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Is there an algorithm to decide if any two Turing machines accept the same language? I can't find a definite answer to this. My guess is that there isn't, because then we would be able to decide if a Turing machine accepts a given language and halts, which is undecidable. Is there a better explanation for why this is or is not the case?

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Your guess is correct: deciding whether two Turing machines are equivalent (i.e. accept the same language) is an undedicable problem.

To prove this, it should be possible to reduce this problem to the halting problem.

You can also use Rice's theorem.

The theorem states the following:

Let P be any non-trivial property of languages of Turing machines. Then, the following language is undecidable, $LP=\{\langle M\rangle : L(M) \text{ satisfies } P\}$.

Note that $L \text{ satisfies } P$ means $L \in P$.

Note also that a “trivial property” is a property that is either satisfied by all languages, or a property that is not satisfied by any language.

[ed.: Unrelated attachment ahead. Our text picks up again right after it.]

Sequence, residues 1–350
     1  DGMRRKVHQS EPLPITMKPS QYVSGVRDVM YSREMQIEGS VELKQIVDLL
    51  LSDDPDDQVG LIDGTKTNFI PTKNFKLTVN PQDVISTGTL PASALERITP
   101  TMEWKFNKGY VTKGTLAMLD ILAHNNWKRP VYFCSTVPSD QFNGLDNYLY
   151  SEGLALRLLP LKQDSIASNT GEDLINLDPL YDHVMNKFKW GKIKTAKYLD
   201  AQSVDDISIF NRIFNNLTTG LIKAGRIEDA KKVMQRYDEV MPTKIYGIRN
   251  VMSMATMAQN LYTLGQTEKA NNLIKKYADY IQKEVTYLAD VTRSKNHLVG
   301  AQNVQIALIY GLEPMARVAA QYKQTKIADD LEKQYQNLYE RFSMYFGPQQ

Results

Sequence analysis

Now, if you consider two machines $M_1$ and $M_2$, deciding whether $L(M_1) = L(M_2)$ is deciding whether $M_2 \in \{\langle M \rangle : L(M) \text{ satisfies } \{L(M_1)\}\}$.

Since $\{L(M_1)\}$ is non trivial (there exist machines which recognize it and there exist machines which do not recognize it), this problem is undecidable.

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  • $\begingroup$ Ah, thank you. Is there a list of the trivial properties of languages of Turing machines? $\endgroup$ – Victor Brunell Apr 22 '15 at 19:28
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    $\begingroup$ A “trivial property” is a property that is either satisfied by all languages, or a property that is not satisfied by any language. I edited my answer to add this definition. $\endgroup$ – Tom Cornebize Apr 22 '15 at 20:55
  • $\begingroup$ One can also reduce to, say, universality of context-free languages. $\endgroup$ – Raphael Apr 22 '15 at 23:21

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